Luteal support in reproductionHighlights from the ASRM Annual Meeting
1.0 CME/CE Credits
Symposium held November 2008 at the American Society for Reproductive Medicine Annual Meeting in San Francisco, California. Supported by an independent educational grant from Columbia Laboratories.Presenters
DEFINING OUR TERMS
In this panel discussion, reproductive medicine specialists Valerie L. Baker, MD, James H. Liu, MD, and Sandra A. Carson, MD (as moderator), cover practical issues in luteal support in reproduction:
For the most part, the focus is on progestogens, a class of hormones whose main purpose is to support gestation. Progesterone is the major naturally occurring progestogen. And the progestins are synthetically produced progestogens not found in nature.
Progesterone is essential to prepare the uterine endometrium for implantation and to maintain pregnancy. It converts the proliferative endometrium to the secretory endometrium, maintaining the uterine glands. Progesterone also maintains the uterine myometrium in a quiescent state during pregnancy, preventing contractions and expulsion of the fetus. Furthermore, progesterone prevents endometrial hyperplasia in the face of elevated levels of estrogens. Thus, progesterone supplementation has come to be used widely to prevent recurrent miscarriage and preterm birth; to reduce implantation failure in assisted reproductive technologies; to prevent endometrial hyperplasia in women with secondary amenorrhea due to metabolic syndrome; and as a component of combined hormone therapy for menopausal women.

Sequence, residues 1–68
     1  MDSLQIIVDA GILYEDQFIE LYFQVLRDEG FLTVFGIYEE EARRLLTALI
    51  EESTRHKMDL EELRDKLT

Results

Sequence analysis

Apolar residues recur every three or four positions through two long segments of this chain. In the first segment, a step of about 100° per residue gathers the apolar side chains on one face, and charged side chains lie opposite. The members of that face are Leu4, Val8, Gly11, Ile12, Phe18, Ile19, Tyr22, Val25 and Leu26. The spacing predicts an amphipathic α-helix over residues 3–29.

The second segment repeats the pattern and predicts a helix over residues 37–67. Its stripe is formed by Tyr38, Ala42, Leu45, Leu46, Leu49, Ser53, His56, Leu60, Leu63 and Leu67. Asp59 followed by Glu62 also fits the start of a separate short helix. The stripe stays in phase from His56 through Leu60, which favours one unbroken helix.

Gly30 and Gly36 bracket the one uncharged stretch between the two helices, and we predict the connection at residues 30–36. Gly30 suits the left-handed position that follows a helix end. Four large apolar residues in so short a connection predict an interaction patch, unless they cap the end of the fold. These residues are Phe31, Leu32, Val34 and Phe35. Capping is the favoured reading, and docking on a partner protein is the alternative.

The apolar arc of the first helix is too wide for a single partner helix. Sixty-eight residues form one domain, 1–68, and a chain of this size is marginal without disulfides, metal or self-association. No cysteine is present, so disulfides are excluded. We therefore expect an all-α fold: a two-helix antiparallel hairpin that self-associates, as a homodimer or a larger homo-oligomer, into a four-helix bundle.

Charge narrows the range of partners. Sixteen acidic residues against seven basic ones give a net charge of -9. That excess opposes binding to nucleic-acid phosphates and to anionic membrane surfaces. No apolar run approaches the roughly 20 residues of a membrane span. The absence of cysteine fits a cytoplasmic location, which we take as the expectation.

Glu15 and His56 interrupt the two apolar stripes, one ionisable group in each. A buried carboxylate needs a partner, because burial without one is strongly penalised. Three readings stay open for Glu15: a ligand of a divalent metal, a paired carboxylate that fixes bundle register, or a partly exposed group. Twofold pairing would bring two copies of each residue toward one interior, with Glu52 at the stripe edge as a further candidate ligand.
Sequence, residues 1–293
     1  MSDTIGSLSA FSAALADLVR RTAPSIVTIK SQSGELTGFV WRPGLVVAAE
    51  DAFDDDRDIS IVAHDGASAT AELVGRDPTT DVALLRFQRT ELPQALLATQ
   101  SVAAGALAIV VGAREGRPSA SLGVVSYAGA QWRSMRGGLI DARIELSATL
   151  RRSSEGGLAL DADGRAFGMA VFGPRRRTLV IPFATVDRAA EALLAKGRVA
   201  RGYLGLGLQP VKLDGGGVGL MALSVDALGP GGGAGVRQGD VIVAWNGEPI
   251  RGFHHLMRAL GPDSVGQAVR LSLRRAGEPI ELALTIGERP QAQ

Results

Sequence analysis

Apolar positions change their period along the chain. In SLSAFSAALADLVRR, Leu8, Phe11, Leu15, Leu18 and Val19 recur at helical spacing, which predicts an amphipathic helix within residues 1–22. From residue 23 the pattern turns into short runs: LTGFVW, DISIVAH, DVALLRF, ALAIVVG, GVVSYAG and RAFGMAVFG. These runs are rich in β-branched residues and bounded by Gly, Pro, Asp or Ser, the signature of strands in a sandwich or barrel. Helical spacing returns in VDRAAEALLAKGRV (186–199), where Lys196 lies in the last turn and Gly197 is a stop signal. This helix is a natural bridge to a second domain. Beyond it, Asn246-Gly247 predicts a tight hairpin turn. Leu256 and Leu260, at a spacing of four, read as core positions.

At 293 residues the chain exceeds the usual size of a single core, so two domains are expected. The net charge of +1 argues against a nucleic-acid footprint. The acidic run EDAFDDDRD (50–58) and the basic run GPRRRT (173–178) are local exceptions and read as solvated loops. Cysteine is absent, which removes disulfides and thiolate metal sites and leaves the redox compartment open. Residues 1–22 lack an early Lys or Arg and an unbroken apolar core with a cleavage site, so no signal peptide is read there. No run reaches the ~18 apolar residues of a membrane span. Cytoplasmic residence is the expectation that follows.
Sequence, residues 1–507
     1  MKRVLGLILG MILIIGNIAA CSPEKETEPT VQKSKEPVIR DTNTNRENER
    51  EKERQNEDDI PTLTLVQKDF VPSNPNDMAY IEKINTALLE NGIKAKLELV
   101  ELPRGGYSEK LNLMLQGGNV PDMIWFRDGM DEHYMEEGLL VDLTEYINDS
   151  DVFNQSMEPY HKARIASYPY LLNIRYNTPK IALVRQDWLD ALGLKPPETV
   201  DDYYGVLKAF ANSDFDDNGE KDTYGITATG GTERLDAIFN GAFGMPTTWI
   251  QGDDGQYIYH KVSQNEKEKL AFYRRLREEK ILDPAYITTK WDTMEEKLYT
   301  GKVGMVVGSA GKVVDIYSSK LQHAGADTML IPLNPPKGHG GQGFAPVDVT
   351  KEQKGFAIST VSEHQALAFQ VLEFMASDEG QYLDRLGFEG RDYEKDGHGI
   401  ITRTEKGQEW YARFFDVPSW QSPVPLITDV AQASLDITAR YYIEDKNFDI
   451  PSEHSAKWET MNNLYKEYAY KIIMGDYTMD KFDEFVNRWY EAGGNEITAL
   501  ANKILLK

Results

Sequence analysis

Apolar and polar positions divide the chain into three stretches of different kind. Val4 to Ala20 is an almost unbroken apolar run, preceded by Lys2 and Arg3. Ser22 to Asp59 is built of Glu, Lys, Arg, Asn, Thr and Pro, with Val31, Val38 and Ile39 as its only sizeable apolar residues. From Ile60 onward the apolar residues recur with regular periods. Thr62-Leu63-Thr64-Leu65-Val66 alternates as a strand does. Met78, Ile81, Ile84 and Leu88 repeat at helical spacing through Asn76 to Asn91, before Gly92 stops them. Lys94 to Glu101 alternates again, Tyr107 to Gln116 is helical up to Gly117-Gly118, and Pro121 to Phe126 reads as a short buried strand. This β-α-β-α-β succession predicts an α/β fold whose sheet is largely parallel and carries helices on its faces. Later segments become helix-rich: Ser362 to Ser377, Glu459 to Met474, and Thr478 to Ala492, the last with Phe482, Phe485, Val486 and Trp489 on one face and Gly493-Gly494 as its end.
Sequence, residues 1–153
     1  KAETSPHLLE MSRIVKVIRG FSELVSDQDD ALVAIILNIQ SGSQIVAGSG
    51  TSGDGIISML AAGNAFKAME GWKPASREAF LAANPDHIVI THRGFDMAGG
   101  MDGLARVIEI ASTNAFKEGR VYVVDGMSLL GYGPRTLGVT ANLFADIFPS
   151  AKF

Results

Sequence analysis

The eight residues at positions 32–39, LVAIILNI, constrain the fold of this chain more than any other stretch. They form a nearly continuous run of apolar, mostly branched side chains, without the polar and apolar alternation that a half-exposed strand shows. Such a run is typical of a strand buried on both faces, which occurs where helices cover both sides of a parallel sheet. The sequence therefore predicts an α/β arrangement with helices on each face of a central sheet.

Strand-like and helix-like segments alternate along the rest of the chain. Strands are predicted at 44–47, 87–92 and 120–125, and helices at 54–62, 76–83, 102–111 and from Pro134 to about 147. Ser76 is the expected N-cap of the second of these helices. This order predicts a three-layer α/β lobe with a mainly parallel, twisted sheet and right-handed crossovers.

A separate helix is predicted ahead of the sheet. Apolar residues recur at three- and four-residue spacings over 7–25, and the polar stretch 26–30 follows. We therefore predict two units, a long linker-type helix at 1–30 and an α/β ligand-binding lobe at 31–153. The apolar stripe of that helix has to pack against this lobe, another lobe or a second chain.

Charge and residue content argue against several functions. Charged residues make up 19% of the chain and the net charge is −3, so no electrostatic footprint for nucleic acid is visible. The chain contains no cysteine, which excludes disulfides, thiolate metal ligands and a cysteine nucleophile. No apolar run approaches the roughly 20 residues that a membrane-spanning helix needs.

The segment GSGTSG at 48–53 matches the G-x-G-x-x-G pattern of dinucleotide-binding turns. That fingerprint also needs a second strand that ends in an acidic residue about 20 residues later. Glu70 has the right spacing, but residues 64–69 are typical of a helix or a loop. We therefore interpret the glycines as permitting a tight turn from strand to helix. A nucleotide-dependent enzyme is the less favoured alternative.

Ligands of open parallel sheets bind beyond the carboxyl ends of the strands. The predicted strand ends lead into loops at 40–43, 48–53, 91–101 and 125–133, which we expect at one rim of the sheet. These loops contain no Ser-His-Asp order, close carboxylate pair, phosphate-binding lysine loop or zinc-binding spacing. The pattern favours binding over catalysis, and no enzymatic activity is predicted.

According to the Practice Committee of the American Society for Reproductive Medicine, however, “progesterone supplementation necessarily is empiric and has been applied liberally in clinical circumstances wherein the amount or duration of P production is reasonably suspect.” Data are conflicting as to whether progesterone supplementation associated with assisted reproductive technologies is necessary or even beneficial. Nonetheless, hundreds of websites promote the use of progesterone. One even claims that “All women free of medical complication can benefit from progesterone supplementation”. Physicians as well as patients are confused about the clinical utility of progestogens and also about the dosage, duration and type of progestogen to use in particular situations. For this reason, the ASRM issued a report addressing the evidence-based uses of progestogens and the risks associated with progestogen administration. The goal of this symposium is to provide physicians and nurses in reproductive medicine and gynecology with current perspectives on the use of progestogens in assisted reproductive technologies, in the treatment of secondary amenorrhea, in postmenopausal hormone therapy and in recurrent pregnancy loss.
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1.0 CME/CE credit available
All speakers were required to complete a disclosure of commercial and financial relationships with manufacturers of pharmaceuticals, laboratory supplies, or medical devices and with commercial providers of medically related services. These disclosures were reviewed and potential conflicts of interest resolved by the Subcommittee on Standards of Commercial Support of the Continuing Medical Education Committee of the American Society for Reproductive Medicine. The disclosures are listed in the presentations.
Sponsored by the Association for Reproductive Medicine.
Supported by an educational grant from Columbia Laboratories.